Spark’s back, hopes rekindled for Indian economy
| Arvind Padmanabhan |
NEW DELHI (IANS) – At a time when the global economy is facing serious challenges with some developed nations in stagnation, a 5-6 per cent growth forecast for India during the fiscal year ending March 31 is cause for cheer.
The fact that such growth will come about amid spiralling fuel prices, which pose an even greater challenge for an energy-starved country like India, and a general slowdown in demand for goods and services the world over is, indeed, even more commendable.
This, with far-reaching reforms executed in succession since September last year – some such as decontrol of petroleum fuel pricing and hikes in rail ticket fares given effect to despite opposition – means Prime Minister Manmohan Singh’s government means business.
“Today the Eurozone crisis is still continuing. There is recession in Europe, Japan and Brazil. Naturally, these affect us. Still our economy is witnessing growth and it will be 5.5 per cent this year,” Finance Minister P. Chidambaram told his party colleagues recently.
“We should not without any reason denigrate our own performance and record. I have no doubt we will come out of trough. We will climb back to a growth rate of between six and seven per cent next year and then seven to eight per cent in the year after,” he said at another forum.
Since 2008, when the global economy faced the worst slowdown in eight decades, India also encountered major challenges. In a globalised era such as today’s, developments outside were bound to take their toll on the domestic economy.
Two challenges stood out. Ever-rising inflation caused by demand-and supply-side factors that dented people’s pockets and retarded real growth. Second, spiralling fuel prices and slowdown in merchandise exports, which swelled India’s current account deficit.
On both these counts, the steps taken ensured the economy absorbed the shocks well. The Reserve Bank of India (RBI) kept the interest rates under check to curb inflation, while the government allowed successive hikes in fuel prices to check fiscal deficit.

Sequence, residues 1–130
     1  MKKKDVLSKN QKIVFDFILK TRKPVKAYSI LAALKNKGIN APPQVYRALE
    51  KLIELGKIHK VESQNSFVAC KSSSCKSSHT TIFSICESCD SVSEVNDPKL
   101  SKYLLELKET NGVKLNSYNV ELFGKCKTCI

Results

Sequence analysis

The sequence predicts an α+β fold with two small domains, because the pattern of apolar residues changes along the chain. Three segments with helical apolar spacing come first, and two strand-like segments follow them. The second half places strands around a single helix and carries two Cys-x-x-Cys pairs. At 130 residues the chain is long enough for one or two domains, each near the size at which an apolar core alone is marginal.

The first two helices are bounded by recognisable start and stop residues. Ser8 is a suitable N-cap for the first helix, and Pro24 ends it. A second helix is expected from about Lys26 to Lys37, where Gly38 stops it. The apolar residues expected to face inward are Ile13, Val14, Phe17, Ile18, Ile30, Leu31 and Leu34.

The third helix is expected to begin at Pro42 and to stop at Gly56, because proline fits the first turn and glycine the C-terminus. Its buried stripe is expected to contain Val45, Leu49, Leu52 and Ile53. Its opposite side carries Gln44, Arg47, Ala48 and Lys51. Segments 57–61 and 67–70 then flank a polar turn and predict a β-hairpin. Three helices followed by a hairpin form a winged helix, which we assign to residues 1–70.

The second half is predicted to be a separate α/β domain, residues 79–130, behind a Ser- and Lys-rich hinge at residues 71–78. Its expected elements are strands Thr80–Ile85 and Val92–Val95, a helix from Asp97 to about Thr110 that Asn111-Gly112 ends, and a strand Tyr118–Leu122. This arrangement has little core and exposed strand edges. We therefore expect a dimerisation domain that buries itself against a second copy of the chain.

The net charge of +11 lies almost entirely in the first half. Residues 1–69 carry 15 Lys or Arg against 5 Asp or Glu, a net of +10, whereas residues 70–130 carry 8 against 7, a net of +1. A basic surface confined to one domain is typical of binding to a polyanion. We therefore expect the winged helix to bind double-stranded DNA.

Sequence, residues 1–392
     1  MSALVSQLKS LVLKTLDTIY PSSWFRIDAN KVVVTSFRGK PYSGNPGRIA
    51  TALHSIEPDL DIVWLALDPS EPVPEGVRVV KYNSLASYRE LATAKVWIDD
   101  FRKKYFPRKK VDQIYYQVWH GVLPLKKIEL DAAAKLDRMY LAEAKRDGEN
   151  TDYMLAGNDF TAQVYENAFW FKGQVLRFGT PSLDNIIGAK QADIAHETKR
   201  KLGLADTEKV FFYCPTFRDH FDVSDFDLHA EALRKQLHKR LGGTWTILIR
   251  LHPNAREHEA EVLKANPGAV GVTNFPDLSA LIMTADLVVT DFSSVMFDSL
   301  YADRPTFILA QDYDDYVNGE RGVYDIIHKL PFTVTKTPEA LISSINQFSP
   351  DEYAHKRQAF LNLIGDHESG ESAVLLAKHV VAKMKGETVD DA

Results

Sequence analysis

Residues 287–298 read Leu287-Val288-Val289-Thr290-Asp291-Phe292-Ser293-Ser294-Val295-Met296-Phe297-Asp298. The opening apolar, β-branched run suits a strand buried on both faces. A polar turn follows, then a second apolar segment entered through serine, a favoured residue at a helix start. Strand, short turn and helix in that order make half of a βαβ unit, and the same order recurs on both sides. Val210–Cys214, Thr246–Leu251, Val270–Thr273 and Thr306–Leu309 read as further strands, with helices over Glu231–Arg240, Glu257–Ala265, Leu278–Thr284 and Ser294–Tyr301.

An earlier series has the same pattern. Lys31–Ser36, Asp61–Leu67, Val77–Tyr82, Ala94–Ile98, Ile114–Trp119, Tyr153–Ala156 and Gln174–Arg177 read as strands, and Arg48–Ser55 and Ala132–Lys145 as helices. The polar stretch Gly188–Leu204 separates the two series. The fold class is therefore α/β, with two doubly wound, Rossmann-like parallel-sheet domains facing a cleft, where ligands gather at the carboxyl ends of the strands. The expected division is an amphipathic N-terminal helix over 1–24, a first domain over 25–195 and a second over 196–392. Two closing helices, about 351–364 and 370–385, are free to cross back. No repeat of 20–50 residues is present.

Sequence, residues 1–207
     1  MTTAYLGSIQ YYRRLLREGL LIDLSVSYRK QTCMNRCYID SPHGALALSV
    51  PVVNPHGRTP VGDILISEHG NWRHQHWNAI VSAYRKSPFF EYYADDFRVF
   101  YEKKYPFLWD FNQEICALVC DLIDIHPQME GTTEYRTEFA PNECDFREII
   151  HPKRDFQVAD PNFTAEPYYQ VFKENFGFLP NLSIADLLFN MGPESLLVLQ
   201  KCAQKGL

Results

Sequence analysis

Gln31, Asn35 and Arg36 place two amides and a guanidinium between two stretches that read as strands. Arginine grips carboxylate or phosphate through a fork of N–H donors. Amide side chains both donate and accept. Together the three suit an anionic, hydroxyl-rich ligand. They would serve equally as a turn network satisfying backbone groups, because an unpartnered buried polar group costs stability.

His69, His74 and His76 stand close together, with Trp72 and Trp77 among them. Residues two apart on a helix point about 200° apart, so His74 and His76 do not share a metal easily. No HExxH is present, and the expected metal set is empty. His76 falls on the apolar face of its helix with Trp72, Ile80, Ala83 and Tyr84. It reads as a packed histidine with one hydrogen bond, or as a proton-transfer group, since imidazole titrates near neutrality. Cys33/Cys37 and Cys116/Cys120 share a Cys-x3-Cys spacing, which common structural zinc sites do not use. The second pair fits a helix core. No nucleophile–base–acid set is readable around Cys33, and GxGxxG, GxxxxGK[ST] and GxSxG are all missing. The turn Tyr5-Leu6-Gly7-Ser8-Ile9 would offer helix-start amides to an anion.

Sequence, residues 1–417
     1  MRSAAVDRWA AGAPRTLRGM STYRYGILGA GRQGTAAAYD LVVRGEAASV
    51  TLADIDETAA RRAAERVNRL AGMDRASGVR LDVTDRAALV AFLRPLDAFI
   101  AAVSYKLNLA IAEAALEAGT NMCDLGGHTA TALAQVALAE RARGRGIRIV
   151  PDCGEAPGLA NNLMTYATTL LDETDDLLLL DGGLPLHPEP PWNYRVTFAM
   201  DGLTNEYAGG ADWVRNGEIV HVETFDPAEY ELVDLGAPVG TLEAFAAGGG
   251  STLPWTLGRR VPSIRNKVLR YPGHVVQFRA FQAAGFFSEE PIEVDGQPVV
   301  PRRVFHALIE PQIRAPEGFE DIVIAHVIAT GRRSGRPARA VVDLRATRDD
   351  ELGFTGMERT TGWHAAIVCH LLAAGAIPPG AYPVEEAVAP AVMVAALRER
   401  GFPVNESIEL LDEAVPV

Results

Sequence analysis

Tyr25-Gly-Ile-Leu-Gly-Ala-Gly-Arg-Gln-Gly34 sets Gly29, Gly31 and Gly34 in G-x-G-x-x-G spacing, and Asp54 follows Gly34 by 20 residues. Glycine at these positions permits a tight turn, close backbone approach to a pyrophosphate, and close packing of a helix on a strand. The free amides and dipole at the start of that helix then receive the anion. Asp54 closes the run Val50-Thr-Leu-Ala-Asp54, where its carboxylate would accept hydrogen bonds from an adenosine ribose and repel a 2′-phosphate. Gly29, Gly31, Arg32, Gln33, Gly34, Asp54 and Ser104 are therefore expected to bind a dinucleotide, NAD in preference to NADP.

“The fundamentals of the economy are strong,” said former central bank governor Bimal Jalan. “The India of today is vastly changed compared with earlier decades when there was constant balance of payment problem, we were dependent on foreign aid, the rate of growth was low, the investment rate was low, the record on project execution was poor, and the corporate sector was bound by a licensing system,” he said.
“Fortunately, much of that is over. We are on the forefront so far as technological capabilities are concerned, so far as entrepreneurship is concerned, so far as the investment drive is concerned.”
Through the difficult period of 2012, India remained a favoured investment destination, despite threats of downgrade by rating agencies, which would have been disastrous for attracting foreign capital. The country was also fortunate on several counts:
-It continued to remain the largest recipient of inward remittances from its expatriates abroad of $68 billion in 2012;
-Exports of software and related services continued to grow at near double digits to log around $70 billion; and
-Foreign funds pumped in an estimated $24 billion into the stock markets that was one of the largest-ever such investments in a single year.
Due to these and other factors, India’s foreign exchange reserves today remain healthy at around $300 billion. The inflation rate has come down from double-digit levels to a more manageable 6.2 per cent. Factory output and exports have also started to look up.
The value of the Indian rupee, which was seen depreciating to an alarming Rs.60 to a dollar, has strengthened. This apart, top ministers, on an overdrive since January with road shows across the globe to attract investors, have promised to cut deficit sharply.
Little wonder then that India’s stock market is on a roll. In fact, it ended 2012 as the third best performer globally, with a return of 25 per cent from the Sensex of the Bombay Stock Exchange, just behind Thailand Set Index and Germany’s Deutscher Aktienindex.
For global investors, there was much to cheer, notably since September, when Prime Minister Manmohan Singh managed to change the perception of policy inaction with far-reaching decisions that had been hanging fire for years.
-Conditions were further eased for the entry of single-brand retail chains such as IKEA with 100 per cent foreign equity;
-Rules were changed, permitting up to 51 per cent foreign equity for global retail chains such as Wal-Mart, Tesco, Carrefour and JC Penny;
-Bills were cleared to make eventual legislative changes that will ease India’s financial sector further in areas like banking, insurance and pension;
-Decision was deferred for two years on a much-feared anti-tax law that sought to give sweeping powers to check evasion, especially by foreign investors. (Courtesy Indian High Commission)